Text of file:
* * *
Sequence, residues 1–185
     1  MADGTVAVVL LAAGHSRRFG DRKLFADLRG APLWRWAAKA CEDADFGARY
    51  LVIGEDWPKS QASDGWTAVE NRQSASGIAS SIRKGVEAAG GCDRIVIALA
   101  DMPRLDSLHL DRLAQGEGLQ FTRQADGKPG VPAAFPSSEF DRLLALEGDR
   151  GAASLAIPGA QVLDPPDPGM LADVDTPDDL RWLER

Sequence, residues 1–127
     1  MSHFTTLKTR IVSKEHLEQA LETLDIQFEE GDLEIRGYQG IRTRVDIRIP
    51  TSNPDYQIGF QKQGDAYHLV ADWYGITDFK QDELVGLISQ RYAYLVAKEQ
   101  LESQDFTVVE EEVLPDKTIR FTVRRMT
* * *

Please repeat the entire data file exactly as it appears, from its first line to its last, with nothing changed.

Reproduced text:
Sequence, residues 1–185
     1  MADGTVAVVL LAAGHSRRFG DRKLFADLRG APLWRWAAKA CEDADFGARY
    51  LVIGEDWPKS QASDGWTAVE NRQSASGIAS SIRKGVEAAG GCDRIVIALA
   101  DMPRLDSLHL DRLAQGEGLQ FTRQADGKPG VPAAFPSSEF DRLLALEGDR
   151  GAASLAIPGA QVLDPPDPGM LADVDTPDDL RWLER

Sequence, residues 1–127
     1  MSHFTTLKTR IVSKEHLEQA LETLDIQFEE GDLEIRGYQG IRTRVDIRIP
    51  TSNPDYQIGF QKQGDAYHLV ADWYGITDFK QDELVGLISQ RYAYLVAKEQ
   101  LESQDFTVVE EEVLPDKTIR FTVRRMT